. . . we’ll remember all winter long. No videos yet, just some words. Oh, and a portrait.
Thursday night, two sets in a row by Dave Stuckey and the Hot House Gang, which began with Dave (vocal, guitar, ebullience) and Marc Caparone, Nate Ketner, Carl Sonny Leyland, Katie Cavera, Josh Collazo — featuring memorable Thirties classics such as GOT A BRAN’ NEW SUIT — and then adding Jonathan Doyle for a set that offered a choral vocal on WHY DON’T YOU PRACTICE WHAT YOU PREACH? — a song whose rendition led many in the audience to closely consider their past hypocrisies.
Friday, after brief subversive explorations of Willard Robison and others by Jacob Zimmerman at the piano, we had Marc Caparone and his Back O’Town All-Stars, the band honoring Louis Armstrong’s All-Stars even though the sign said “Back O’Day.” They were Marc, Jacob, Charlie Halloran, Dan Walton, Jamey Cummins, Steve Pikal, and Josh, with vocals by Marc and Dawn. The set started explosively with MAHOGANY HALL STOMP and ended with STEAK FACE, and Eureka, California, will never be the same. But in a nice way. Or maybe a Nice 1948 way.
Next, Joel Patterson, Jonathan Doyle, Carl Sonny Leyland, Beau Sample, and Alex Hall got dangerously groovy with compositions by Illinois Jacquet, Freddie King, Bill Jennings, and others. A Chicago club circa 1955, right in front of us.
The Back O’Town All-Stars returned, but with the cosmic gift of Duke Robillard. They began with JUMPIN’ THE BLUES and the set only paused its jumping for a tenderly lyrical PENNIES FROM HEAVEN, sung as if shiny and new, by Dawn Lambeth.
Saturday began with Hal Smith’s Mortonia Seven, with Kris Tokarski, John Gill, Sam Rocha, Dave Kosmyna, T.J. Muller (on trombone), and Dave Bennett: a set notable for energized renditions of MILENBERG JOYS and PANAMA, but also BLUE BLOOD BLUES, MAMIE’S BLUES, and a positively vivid rendition of BALLIN’ THE JACK, sung and nearly-demonstrated by Dave, who told me he was playing a Conn Victor cornet once owned and played by our mutual hero Jim Dapogny. Jim was surely there, “no doubt,” in spirit.
The temperature rose for Charlie and the Tropicales — that’s Charlie Halloran and his musical voyages through the Caribbean, featuring Jonathan Doyle, Nate Ketner, Kris Tokarski, Twerk Thomson, Josh Collazo, and Jamey Cummins. There was calypso — Lord Melody’s FIFTY CENTS, sung nimbly by Charlie, as well as a few waltzes, a “belly-rubber,” and some all-out romps.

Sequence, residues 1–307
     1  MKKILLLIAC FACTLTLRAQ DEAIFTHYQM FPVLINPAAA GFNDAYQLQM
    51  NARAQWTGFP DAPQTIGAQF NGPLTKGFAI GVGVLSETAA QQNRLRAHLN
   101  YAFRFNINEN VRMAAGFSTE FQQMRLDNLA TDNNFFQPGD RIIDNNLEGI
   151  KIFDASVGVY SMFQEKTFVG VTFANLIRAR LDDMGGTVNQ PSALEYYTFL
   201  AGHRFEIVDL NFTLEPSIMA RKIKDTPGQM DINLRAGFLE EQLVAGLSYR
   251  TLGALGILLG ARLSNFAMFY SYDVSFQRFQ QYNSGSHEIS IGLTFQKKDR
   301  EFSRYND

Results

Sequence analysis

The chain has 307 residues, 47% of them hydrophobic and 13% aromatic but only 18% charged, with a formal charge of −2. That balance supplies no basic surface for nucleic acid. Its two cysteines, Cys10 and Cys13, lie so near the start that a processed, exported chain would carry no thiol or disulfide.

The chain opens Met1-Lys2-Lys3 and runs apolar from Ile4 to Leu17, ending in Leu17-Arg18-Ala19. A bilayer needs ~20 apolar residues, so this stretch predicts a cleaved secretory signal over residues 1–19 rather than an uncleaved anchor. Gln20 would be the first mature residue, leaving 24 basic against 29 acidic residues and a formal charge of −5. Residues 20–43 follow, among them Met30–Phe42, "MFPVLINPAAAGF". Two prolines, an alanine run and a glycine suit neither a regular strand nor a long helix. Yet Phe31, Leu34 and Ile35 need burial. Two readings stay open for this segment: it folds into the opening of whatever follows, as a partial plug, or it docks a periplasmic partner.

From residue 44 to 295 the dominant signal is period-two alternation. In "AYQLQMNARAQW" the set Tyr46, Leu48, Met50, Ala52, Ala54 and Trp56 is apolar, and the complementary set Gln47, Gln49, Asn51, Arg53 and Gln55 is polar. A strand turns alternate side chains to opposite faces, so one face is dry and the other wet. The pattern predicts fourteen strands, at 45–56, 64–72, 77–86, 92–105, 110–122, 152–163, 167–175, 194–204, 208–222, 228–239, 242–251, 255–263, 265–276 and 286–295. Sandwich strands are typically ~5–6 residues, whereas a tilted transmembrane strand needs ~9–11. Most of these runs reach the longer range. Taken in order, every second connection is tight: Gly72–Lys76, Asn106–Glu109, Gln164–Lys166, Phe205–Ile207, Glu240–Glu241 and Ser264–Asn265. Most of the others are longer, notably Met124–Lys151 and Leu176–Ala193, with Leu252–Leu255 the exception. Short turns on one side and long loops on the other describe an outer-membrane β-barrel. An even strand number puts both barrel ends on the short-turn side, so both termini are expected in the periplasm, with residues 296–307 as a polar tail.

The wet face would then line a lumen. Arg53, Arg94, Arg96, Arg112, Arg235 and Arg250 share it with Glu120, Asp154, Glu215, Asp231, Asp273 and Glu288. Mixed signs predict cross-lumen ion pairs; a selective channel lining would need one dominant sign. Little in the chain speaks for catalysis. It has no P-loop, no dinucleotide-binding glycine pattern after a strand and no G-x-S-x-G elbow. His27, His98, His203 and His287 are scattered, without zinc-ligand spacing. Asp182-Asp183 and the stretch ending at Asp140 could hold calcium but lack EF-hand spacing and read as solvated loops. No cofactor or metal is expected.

Next, the Holland-Coots Jazz Quintet, with Brian Holland, Danny Coots, Marc Caparone, Jacob Zimmerman, and Steve Pikal, which started with Fats Waller’s MOPPIN’ AND BOPPIN’ went SOUTH for that song and PARDON MY SOUTHERN ACCENT, and ended with the Claude Hopkins’ affirmation, I WOULD DO ANYTHING FOR YOU.
T.J. Muller switched to cornet for a King Oliver tribute — hotter than a forty-five! Even though he told us he had damaged his lip being over-ambitious on trombone, it was in o way audible. Young Louis was Dave Kosmyna, and the rest of the band was Hal Smith, Clint Baker, Ryan Calloway, Kris Tokarski, John Gill, Twerk Thomson, and their opening DIPPER MOUTH BLUES pushed us back in our seats with its expert hot velocity. I wasn’t around at the Lincoln Gardens in 1923, but this band made me feel that I was.
Then, Jonathan Doyle’s “four horn set,” with a front line of Jonathan, Zimmerman, Halloran, and Kosmyna, and the rhythm of Riley Baker, Tokarski, Cummins, and Collazo. I love Jonathan’s compositions — WHAT’S THE RUMPUS?, WHO’S THAT SCRITCHIN’, YOU CAN’T TAKE THOSE KISSES WITH YOU, but he also performed Moten’s HARMONY BLUES, Clarence Williams’ CUSHION FOOT STOMP, the Ellington-small-band GOOD GAL BLUES, and closed with SIX CATS AND A PRINCE. I had the leisure to admire his arrangements, the ways horns and rhythm gently slid over one another.
Sunday began with Twerk Thomson’s DORO WAT, which was streamlined and gutty at once, with Kris Tokarski, Halloran, Doyle, and Kosmyra — no set list, just a whimsical journey through BOUNCING AROUND, DREAMING THE HOURS AWAY, PONCHARTRAIN, and the whimsically-described CALIFORNIA, HERE I COME. This set — straight out of Marvel comics — also featured an exploding bass bridge (I mean the piece of wood itself) and festival angel Mark Jansen coming to the rescue in seconds with yet another string bass. And yes, I have it all on “film.”
Then, Hal Smith’s Jazzologists, a seriously NOLA band of John Gill, Katie Cavera, T.J. Muller (back on trombone), Clint Baker, Ryan Calloway, Kris Tokarski, offering MOOSE MARCH (a favorite of bassist Mike Fay), BLACK CAT ON THE FENCE, and MY LITTLE GIRL, in honor of Esther Muller, one month old.
In between, we went to the Eagle House (I became a civilian for an hour and left my camera in its nest) to hear Dave Stuckey’s Western Swing ecstasy, which finished with SMOKE, SMOKE, SMOKE — most riotously.
And (for us) the festival closed with a gentle set by Holland-Coots, with a highlight being Dawn’s sweet POLKA DOTS AND MOONBEAMS and a solidly romping IF DREAMS COME TRUE.
Were there other glorious sets we missed? Did I take notes? Did I video everything here except the Western Swing yee-haw? Hell yes. Or “That’s for darn sure.”
Will you get to see the videos? As many of them as the musicians say YES to. And should you come to next year’s Redwood Coast Music Festival?
Do you even have to ask?
October 5-8, 2023.
P.S. I apologize to any musician whose name I misspelled above (I am sure I did): my excuse is that yesterday’s travel day began before 7 AM in California and ended after 1 AM in New York.
May your happiness increase!